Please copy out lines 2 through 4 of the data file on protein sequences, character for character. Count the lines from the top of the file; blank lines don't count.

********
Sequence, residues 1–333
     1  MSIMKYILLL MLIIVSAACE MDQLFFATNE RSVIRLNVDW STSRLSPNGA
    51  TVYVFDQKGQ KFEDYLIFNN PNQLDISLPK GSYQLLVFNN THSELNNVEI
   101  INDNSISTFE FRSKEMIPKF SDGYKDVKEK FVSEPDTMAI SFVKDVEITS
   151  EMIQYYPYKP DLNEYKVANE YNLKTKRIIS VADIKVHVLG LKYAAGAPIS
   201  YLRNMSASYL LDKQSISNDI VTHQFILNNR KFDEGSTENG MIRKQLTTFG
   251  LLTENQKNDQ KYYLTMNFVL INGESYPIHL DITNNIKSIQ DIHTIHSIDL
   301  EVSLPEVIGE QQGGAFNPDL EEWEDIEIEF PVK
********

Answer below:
     1  MSIMKYILLL MLIIVSAACE MDQLFFATNE RSVIRLNVDW STSRLSPNGA
    51  TVYVFDQKGQ KFEDYLIFNN PNQLDISLPK GSYQLLVFNN THSELNNVEI
   101  INDNSISTFE FRSKEMIPKF SDGYKDVKEK FVSEPDTMAI SFVKDVEITS